Barahona Possollo, The Mighty Horned One, the monkeys Moth and Barahona, plus the Infernal Dog, 2009
Rock drawing from Ti-m- Lalan, Fezzan, 5000 B.C.
Barahona Possollo, Oedipus Impudicus, 1996
Fresco of Priapus, House of the Vettii, Pompeii, 1000 (Wikipedia)
Barahona Possollo, Dyptich, 1993
Hoffnung I, Gustave Klimt, 1903 (Wikipedia)
FL – Turner, Dali, Caravaggio, as well as Waterhouse, did paintings depicting Narcissus and Echo. But unlike these works of the artists I mentioned, in your painting on this history of Greek mythology, he looks at a reflection that shows the ugly and not the beautiful. What did you want to show with this image reflected in the water?
BP – It is a theme that also thinks about the problems of communication and the border between the “I” and the “other”. In this painting, the perception of Narciso’s reflected image is deformed for us, and we are left wondering what it is that he sees in the reflection that fascinates him so much. One asks “what can we communicate to others, being condemned to our vision, incommunicable in its totality? …” I believe that the myth of Narcissus well illustrates many psychological problems and even ontological, interesting and rich.
Barahona Possollo, Echo and Narcissus, 2010
FL – What can you tell about these works?
BP – This painting is an allegory of Truth, in the form of a self-portrait. In the center there is a mirror, which makes the picture difficult. I thought it might have been better if I were firing the camera myself, that I would realize that there is a mirror there. This picture is intended to be an interactive painting, in which each observer will complete it in a unique way when contemplating in the mirror. The observer and all the three-dimensionality that enters and matches and completes the symbolic intention, forms an indispensable part of the picture. This painting is not complete without someone contemplating it. The whole iconography of the painting is directed to the theme very precisely and can be easily decoded, but the key to the plot, which gives it the true purpose, is the presence of the observer. Normally it can be said that the observer is the one who justifies the Painting; without the public, Art has no reason to be (forget the cases, many, in which Art plays a religious or magical role, where it gains independent existence, after being executed). In this case, the observer, himself, completes the physical work; belongs to the painting. The second painting is an allegory to the sense of sight, in a still life that collects several related objects, from amulets to an engraving of Santa Luzia.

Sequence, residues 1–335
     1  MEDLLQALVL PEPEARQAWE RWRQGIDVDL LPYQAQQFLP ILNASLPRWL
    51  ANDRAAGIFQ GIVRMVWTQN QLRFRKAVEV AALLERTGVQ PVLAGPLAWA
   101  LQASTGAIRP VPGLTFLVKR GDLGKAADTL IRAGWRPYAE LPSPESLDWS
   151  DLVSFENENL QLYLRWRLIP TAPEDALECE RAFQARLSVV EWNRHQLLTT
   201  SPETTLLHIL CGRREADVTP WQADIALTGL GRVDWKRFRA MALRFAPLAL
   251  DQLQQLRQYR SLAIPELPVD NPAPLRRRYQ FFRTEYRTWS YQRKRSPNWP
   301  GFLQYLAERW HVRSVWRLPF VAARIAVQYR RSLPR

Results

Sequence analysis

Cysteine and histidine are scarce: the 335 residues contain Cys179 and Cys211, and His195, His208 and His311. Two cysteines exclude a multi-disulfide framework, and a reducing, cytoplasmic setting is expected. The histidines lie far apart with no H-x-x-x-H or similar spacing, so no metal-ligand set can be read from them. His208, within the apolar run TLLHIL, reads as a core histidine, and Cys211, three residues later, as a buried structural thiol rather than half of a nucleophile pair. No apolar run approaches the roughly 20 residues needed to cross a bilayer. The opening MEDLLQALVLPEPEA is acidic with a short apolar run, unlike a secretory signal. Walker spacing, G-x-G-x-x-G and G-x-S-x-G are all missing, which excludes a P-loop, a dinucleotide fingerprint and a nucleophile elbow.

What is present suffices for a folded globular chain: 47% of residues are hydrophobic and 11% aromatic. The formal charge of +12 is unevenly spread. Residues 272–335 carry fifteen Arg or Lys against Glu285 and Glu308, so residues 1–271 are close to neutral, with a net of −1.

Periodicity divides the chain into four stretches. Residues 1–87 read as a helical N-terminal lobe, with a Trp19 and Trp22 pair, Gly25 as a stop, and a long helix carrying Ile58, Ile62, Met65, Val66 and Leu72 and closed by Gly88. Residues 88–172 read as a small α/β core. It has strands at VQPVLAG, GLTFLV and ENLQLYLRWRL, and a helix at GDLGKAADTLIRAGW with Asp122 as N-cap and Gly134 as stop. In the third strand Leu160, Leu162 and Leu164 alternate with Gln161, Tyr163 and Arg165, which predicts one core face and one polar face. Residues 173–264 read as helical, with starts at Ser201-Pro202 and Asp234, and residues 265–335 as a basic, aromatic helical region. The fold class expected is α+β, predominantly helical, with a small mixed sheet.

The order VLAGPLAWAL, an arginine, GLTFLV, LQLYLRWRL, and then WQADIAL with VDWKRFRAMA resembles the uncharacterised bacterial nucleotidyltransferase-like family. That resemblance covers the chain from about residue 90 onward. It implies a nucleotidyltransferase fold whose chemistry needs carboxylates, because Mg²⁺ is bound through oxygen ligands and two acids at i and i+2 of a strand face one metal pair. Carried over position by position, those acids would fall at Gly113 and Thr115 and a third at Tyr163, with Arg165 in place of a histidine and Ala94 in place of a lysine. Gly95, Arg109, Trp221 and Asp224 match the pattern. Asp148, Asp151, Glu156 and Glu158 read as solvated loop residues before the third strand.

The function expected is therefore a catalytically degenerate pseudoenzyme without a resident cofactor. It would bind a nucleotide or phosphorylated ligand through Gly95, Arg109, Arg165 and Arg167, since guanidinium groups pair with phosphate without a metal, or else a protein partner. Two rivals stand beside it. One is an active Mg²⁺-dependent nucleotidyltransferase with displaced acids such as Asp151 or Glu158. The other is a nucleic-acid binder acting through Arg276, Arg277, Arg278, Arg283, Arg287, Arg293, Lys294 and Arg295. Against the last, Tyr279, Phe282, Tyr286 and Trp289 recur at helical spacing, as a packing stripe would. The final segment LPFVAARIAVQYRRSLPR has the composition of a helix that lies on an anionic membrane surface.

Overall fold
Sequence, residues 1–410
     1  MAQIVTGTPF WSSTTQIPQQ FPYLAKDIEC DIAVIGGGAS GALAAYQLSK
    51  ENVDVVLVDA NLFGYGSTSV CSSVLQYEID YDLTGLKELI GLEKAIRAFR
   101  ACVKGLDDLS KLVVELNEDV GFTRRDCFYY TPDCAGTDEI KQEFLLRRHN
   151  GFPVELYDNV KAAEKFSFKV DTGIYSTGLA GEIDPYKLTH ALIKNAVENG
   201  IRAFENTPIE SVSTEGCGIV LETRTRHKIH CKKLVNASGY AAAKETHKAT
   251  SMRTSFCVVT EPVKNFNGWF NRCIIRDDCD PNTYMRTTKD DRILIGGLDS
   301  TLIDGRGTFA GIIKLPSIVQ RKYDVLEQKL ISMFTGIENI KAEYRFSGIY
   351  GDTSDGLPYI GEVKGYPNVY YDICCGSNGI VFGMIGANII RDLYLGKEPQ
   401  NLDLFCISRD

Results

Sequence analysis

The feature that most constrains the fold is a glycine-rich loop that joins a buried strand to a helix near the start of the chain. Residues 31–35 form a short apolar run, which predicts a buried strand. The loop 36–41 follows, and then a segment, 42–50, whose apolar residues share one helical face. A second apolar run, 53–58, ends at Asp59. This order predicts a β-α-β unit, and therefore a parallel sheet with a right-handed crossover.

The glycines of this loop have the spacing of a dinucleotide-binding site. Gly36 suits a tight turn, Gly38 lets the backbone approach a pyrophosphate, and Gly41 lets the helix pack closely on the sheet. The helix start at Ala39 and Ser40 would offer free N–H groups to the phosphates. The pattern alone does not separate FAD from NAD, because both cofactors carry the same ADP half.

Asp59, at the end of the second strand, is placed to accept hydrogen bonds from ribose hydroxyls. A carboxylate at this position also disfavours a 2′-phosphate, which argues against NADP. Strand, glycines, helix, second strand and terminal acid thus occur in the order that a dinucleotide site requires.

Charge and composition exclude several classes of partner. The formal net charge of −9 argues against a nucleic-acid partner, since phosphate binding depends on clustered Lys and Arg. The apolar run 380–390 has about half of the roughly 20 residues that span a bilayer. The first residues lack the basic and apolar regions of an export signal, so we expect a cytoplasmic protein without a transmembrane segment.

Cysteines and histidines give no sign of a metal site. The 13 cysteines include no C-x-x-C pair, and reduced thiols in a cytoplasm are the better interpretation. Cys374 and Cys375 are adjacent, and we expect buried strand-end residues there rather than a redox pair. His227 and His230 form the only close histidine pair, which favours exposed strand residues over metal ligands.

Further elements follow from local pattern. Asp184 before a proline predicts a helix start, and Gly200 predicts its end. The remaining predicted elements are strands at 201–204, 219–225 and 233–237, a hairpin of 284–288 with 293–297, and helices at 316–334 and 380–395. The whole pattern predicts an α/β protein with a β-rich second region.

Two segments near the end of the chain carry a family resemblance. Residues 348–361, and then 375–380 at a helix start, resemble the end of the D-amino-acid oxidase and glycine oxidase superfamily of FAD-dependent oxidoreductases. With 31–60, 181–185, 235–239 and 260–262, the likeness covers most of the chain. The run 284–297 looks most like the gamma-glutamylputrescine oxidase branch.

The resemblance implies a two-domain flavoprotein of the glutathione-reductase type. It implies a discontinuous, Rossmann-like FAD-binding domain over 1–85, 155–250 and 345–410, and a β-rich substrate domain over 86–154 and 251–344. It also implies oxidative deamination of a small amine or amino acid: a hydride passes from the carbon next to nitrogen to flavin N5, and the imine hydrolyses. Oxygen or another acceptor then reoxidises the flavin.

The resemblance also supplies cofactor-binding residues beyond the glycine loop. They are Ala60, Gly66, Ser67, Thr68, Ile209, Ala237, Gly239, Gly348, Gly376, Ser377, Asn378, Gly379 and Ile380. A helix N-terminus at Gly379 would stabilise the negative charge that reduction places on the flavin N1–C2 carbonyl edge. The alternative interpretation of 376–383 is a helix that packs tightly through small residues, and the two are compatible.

Barahona Possollo, Nuda Veritas, 2002
Barahona Possollo, Allegory of Sight, 2001